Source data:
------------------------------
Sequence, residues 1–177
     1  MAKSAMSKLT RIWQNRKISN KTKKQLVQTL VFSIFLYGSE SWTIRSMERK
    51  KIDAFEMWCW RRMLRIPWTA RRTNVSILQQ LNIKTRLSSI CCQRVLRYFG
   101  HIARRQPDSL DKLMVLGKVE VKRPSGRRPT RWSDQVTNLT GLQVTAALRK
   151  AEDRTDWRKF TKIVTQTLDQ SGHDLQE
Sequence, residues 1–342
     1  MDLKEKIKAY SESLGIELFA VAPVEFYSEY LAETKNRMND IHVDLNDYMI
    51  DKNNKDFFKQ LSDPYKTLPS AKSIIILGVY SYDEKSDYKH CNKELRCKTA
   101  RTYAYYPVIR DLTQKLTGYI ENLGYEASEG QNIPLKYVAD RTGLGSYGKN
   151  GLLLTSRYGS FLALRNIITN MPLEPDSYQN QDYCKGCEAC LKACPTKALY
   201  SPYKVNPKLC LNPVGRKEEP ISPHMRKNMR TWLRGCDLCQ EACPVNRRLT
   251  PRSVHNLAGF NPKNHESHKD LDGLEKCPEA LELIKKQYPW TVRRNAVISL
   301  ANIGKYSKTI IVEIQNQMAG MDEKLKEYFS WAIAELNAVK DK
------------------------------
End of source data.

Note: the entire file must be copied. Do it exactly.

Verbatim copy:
Sequence, residues 1–177
     1  MAKSAMSKLT RIWQNRKISN KTKKQLVQTL VFSIFLYGSE SWTIRSMERK
    51  KIDAFEMWCW RRMLRIPWTA RRTNVSILQQ LNIKTRLSSI CCQRVLRYFG
   101  HIARRQPDSL DKLMVLGKVE VKRPSGRRPT RWSDQVTNLT GLQVTAALRK
   151  AEDRTDWRKF TKIVTQTLDQ SGHDLQE
Sequence, residues 1–342
     1  MDLKEKIKAY SESLGIELFA VAPVEFYSEY LAETKNRMND IHVDLNDYMI
    51  DKNNKDFFKQ LSDPYKTLPS AKSIIILGVY SYDEKSDYKH CNKELRCKTA
   101  RTYAYYPVIR DLTQKLTGYI ENLGYEASEG QNIPLKYVAD RTGLGSYGKN
   151  GLLLTSRYGS FLALRNIITN MPLEPDSYQN QDYCKGCEAC LKACPTKALY
   201  SPYKVNPKLC LNPVGRKEEP ISPHMRKNMR TWLRGCDLCQ EACPVNRRLT
   251  PRSVHNLAGF NPKNHESHKD LDGLEKCPEA LELIKKQYPW TVRRNAVISL
   301  ANIGKYSKTI IVEIQNQMAG MDEKLKEYFS WAIAELNAVK DK